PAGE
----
LSU Team News

The offensive and defensive X-factors for LSU in 2016

DeSean Smith LSU vs. Texas A&M 2015

The definition of an “X-factor,” says Merriam-Webster (you know, the dictionary people), is “a circumstance, quality or person that has a strong but unpredictable influence.” When it comes to football, then, think of an “X-factor” as a player who could make – or break – an offense or a defense.

Here are LSU’s X-factors this season.


TE DeSean Smith: Somewhere mixed into the confusion about the lack of production of LSU tight ends sits senior DeSean Smith, arguably the Tigers' most talented and game-changing player at that spot. While senior Colin Jeter has nailed down the starting spot and true freshman Caleb Roddy has emerged as an intriguing run-blocker at the end of the line – a la Dillon Gordon – Smith (6 feet 5, 249 pounds) still appears to be the best receiver of the group. Despite that distinction, Smith has just nine receptions in three years and none have gone for touchdowns. What remains to be seen is if his pesky sore knees can be managed enough for him to impact games and whether he can avoid some of the drops that have plagued him at times. Smith has the ability to get downfield and find open space against linebackers defending him. That could be a hugely valuable tool to Brandon Harris if – and from all indications when – the LSU offense throws the ball more this season.


OLB Michael Divinity: Listen or read enough, and you're bound to hear and read plenty about LSU's experienced defensive talent. Still, don't discount the idea of a true freshman filling a key void for at least the first several weeks. With Corey Thompson out of action with a fractured ankle, Divinity (6-2, 234) could well emerge as a starter or at least key contributor at an outside linebacker spot. Divinity is one of the more athletic linebackers LSU has landed in several year; he is a former quarterback at Louisiana prep powerhouse River Ridge John Curtis before he finished his prep career at Marrero John Ehret. For the Tigers, Divinity brings speed and more readiness than you might expect: He enrolled in January and went through spring practice to get acclimated in first-year coordinator Dave Aranda's system. Watch for him to be a playmaker against the run but also comfortable enough to handle backs and tight ends in pass coverage if needed. And he may make it tough for Thompson to get back on the field when he is ready to return.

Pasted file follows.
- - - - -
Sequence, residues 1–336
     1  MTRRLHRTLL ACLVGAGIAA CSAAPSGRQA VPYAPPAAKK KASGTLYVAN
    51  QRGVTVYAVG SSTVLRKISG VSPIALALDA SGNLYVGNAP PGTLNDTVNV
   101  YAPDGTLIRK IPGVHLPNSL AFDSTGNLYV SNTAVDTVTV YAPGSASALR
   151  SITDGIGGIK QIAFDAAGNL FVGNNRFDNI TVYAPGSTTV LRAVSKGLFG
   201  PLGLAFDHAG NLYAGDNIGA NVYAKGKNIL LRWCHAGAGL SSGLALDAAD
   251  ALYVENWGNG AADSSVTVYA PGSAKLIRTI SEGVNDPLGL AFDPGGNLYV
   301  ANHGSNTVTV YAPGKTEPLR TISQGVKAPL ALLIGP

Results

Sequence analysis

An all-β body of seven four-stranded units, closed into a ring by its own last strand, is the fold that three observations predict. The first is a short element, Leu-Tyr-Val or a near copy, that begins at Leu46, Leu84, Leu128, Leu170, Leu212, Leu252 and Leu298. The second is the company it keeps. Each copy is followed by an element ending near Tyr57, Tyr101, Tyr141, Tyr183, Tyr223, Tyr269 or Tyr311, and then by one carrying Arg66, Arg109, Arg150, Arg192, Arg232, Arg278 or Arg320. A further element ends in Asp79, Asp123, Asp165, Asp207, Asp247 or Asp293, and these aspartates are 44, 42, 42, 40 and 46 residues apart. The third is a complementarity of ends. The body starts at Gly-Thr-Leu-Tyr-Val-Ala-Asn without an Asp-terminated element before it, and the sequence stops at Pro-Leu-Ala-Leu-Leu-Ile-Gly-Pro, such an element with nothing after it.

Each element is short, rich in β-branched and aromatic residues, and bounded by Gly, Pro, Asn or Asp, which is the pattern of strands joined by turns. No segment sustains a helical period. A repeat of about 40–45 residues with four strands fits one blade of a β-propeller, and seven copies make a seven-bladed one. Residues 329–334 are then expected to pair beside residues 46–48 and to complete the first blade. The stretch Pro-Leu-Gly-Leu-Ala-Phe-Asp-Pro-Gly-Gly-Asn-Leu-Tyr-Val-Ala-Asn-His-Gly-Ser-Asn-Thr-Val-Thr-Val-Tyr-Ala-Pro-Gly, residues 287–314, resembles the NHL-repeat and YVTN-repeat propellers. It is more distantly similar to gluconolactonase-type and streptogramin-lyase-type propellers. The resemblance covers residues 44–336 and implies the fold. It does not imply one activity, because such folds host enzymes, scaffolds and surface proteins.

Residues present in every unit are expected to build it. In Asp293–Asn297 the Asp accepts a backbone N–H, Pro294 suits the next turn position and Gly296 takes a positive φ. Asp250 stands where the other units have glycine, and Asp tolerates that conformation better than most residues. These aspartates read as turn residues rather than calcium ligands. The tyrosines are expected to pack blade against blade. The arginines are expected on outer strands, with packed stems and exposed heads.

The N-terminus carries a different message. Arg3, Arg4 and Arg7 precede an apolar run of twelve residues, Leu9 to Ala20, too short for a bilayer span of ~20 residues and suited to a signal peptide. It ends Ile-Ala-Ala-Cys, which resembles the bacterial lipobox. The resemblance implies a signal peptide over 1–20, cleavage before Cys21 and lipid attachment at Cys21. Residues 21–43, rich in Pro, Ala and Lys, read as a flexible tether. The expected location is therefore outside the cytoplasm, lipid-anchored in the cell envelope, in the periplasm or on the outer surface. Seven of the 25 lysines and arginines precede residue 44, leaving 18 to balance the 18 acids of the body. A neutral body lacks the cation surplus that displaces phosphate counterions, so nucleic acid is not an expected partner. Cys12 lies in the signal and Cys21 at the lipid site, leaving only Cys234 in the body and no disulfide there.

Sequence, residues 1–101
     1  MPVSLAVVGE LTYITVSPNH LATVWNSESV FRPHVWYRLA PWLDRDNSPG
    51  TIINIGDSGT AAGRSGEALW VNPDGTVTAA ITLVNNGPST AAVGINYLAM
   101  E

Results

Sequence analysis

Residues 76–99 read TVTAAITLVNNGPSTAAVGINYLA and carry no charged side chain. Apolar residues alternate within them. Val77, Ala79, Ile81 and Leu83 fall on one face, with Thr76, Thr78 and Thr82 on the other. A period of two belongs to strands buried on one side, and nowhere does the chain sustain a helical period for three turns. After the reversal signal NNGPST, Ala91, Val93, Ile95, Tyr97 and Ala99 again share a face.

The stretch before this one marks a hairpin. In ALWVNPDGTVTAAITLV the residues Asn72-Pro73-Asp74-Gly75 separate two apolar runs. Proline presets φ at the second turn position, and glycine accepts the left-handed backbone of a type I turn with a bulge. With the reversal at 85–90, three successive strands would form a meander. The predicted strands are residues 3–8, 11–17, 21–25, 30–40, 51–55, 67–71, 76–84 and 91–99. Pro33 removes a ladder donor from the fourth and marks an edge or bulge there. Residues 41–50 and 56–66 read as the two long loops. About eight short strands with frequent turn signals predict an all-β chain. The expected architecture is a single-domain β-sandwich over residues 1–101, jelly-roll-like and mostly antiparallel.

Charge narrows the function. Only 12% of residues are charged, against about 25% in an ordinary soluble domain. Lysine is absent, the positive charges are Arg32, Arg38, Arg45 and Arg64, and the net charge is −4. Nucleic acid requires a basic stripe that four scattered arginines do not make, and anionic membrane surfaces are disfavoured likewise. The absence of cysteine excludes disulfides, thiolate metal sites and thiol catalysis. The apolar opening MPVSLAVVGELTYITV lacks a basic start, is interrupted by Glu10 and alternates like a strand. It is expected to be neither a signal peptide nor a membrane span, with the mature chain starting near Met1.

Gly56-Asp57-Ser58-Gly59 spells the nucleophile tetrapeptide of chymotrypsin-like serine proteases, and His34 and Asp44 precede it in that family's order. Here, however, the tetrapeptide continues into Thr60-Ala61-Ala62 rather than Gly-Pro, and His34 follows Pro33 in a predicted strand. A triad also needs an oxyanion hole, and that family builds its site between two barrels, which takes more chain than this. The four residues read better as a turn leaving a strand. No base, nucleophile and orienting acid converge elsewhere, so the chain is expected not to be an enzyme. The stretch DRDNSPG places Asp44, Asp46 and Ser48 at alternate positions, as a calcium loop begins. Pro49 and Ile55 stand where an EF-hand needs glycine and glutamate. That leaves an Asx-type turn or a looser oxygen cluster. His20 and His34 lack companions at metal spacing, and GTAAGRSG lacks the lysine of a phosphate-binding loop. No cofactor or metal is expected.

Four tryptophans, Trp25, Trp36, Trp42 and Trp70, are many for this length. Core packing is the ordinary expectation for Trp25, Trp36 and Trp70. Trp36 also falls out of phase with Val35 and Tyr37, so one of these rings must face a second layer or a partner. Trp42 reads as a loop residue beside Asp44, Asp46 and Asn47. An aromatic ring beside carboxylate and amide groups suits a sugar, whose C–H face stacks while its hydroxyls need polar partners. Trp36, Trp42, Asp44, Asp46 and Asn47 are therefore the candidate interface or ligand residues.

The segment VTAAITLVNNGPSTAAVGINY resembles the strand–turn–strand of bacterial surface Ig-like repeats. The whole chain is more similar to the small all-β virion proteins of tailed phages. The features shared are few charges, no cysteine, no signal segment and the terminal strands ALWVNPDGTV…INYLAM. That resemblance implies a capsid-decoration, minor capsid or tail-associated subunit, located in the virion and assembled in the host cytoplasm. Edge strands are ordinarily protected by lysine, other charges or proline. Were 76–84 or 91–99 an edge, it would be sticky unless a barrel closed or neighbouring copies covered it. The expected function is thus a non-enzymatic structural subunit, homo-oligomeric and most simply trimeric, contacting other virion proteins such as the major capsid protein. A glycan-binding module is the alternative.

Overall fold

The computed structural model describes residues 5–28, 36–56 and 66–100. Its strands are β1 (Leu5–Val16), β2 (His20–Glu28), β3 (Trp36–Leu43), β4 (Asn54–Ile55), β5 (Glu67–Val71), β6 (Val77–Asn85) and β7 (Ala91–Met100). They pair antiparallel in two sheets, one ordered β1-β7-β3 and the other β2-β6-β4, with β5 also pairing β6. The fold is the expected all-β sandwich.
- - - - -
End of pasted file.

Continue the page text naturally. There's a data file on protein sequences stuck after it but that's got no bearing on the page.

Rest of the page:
RELATED: LSU season preview: Big things expected but QB an issue
RELATED: LSU's biggest strengths and weaknesses this season
RELATED: How many Tigers made the GN list of the SEC's top 50 players?

(You can follow Randy Rosetta on Twitter @RandyRosetta)

© 2016, Randy Rosetta. All rights reserved.

© 2016, All rights reserved. This material may not be published, broadcast, rewritten or redistributed.

To Top

Get The Latest LSU News!

Our LSU insiders have long-established Tiger connections. You will get the latest news delivered to your inbox once a spam and no giving your information to any third-party.